If you watched Nadiya Hussain’s show Nadiya’s Time to Eat on Netflix, you will have seen this method featured (and yes, it actually works). I first became a fan during her time on The Great British Bake Off. Since then, she released some cookbooks and starred in this recent show! She is basically awesome. 

Anyway, she featured this trick. I recommend doing this when needing to peel a large batch of garlic. Otherwise, it is not time-efficient. I like this method because it allows me to step away to tend to other tasks at the same time. 

Step 1: Bring a pot or kettle to boil. 

Bring a pot or kettle to boil.
Our electric kettle is a Fellow Stagg. We absolutely love it! It comes in different versions and colors. I highly recommend if you think it is pretty.

Step 2: Once boiling, turn off the heat. If using a pot, remove from the hot eye. If using a kettle, pour into a bowl. 

Once boiling, turn off the heat. If using a pot, remove from the hot eye. If using a kettle, pour into a bowl.

Step 3: Place all garlic cloves into the hot water for approximately 1 minute. This will naturally loosen the outer layers.

Place all garlic cloves into the hot water for approximately 1 minute. This will naturally loosen the outer layers.
Place all garlic cloves into the hot water for approximately 1 minute. This will naturally loosen the outer layers.

Step 4: Drain and remove the skins. Use garlic as needed.  


The Microwave Method

For the lazy chef, I recommend the microwave method. You can choose to break up the head of garlic or leave it whole. (This is my least favorite method because the garlic cooks slightly from the inside. If you care about that, skip this method. It does make a flavor difference!!!)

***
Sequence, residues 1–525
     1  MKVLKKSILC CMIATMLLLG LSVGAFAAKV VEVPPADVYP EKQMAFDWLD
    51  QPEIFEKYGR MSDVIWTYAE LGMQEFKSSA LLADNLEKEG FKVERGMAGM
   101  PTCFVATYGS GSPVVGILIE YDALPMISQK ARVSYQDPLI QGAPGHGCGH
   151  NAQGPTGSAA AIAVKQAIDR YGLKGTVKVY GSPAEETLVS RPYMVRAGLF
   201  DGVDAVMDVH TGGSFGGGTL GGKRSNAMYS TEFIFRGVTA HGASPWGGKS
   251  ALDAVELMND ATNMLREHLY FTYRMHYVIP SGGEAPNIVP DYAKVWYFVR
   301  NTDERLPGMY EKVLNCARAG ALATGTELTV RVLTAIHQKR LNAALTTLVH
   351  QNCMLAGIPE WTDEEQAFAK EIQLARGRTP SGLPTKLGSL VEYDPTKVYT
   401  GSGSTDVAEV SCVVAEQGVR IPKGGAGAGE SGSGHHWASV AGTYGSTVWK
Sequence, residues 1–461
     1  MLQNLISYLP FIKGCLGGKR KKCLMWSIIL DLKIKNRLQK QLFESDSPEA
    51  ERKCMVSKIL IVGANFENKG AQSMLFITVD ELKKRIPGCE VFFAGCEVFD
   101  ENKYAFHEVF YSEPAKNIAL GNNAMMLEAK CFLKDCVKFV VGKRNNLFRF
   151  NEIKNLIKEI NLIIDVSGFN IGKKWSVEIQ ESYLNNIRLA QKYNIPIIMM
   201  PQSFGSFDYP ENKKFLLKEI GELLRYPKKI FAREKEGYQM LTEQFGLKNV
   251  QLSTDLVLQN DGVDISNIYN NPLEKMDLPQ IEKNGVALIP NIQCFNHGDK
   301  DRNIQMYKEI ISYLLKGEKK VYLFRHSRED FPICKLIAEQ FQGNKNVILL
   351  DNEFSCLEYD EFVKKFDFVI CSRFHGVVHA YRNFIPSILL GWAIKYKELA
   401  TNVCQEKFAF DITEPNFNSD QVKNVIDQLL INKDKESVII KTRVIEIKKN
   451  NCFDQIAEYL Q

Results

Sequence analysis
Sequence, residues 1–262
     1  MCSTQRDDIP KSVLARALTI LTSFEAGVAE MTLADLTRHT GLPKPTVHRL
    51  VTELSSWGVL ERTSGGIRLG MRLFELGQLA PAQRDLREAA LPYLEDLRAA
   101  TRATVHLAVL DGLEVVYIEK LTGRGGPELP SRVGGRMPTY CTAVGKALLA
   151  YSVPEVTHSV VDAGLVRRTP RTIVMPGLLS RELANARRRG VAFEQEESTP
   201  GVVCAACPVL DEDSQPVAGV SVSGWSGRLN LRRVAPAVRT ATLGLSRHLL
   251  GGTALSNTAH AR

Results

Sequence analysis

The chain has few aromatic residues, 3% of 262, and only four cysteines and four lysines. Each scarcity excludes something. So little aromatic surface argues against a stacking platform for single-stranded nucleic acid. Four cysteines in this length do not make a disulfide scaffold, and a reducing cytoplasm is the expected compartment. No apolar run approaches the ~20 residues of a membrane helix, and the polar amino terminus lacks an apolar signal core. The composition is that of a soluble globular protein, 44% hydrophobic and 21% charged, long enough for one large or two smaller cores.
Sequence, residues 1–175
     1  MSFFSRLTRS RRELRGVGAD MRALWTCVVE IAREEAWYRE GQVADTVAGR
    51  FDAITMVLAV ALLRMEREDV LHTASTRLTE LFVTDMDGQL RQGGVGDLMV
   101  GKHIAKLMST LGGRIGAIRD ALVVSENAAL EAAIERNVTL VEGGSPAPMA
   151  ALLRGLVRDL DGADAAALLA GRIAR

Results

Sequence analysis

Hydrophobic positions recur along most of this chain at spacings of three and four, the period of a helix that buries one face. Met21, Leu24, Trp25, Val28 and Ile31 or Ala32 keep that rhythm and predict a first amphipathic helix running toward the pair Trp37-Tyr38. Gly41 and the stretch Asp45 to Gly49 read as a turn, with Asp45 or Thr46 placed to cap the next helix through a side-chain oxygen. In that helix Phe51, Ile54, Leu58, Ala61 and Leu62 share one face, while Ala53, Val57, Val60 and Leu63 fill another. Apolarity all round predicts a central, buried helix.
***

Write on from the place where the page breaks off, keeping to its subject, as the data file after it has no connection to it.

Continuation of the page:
Step 1: You will need a whole head of garlic. Pop the garlic into the microwave.

You will need a whole head of garlic.
Pop the into the microwave.

Step 2: Heat for 15-20 seconds. Do not overheat! If you do, you can cook or burn the garlic.

Heat for 15-20 seconds. Do not overheat!

Step 3: Take the garlic out of the microwave (careful it will be VERY HOT!) and remove the cloves from the skin. 

Peel of the loosened outer layer of garlic skin.
Peel of the loosened outer layer of garlic skin.

…Or Don’t Peel Garlic At All

Finally, for those of you who really, really, really hate to peel garlic, I recommend heading over to your local Asian market. You can buy a HUGE bag of already peeled garlic for way less than at your local western chain grocery store (I do not recommend pre-minced/jarred garlic as it is much milder in flavor than fresh garlic).

 If you don’t need that much garlic, no problem. Simply freeze the garlic cloves whole for later use. They will not have the crunchy texture of fresh garlic but will keep that strong flavor. Or, if you want, mince the garlic and freeze in an ice cube tray. This way, you have pre-minced individual servings that you can pop into the fry pan. 

Recommended Products For Peeling Garlic

  • We highly recommend the garlic peeling tool shown above. It is easy to use! It also comes in multiple colors.
  • Our electric kettle is a Fellow Stagg. Out of all the electric kettles I have used, this is my absolute favorite! Isn’t it pretty as well? It is also perfect for pour over coffee. It comes in multiple different styles and colors.
  • Sometimes you need a break from mincing. We all feel that way. I recommend the Oxo Good Grips garlic press (their products are great overall).
  • We used mason jars for the shake method. They’re also great for canning, jarring, and pickling!

How Do You Peel Garlic?

There you have it! 5 simple and easy ways to peel garlic. How do you peel garlic at home? Let us know in the comments below. 

You can follow us at: @carvingajourney on instagramtwitterfacebook, and pinterest.

All of the garlic peels from doing the different methods.

Carving A Journey is a participant in the Amazon Services LLC Associates Program, an affiliate advertising program designed to provide a means for sites to earn advertising fees by advertising and linking to Amazon.com. Although we may earn commissions for our endorsement, recommendation, testimonial, and/or link to any products or services from this website, these opinions are my own and I fully support these products.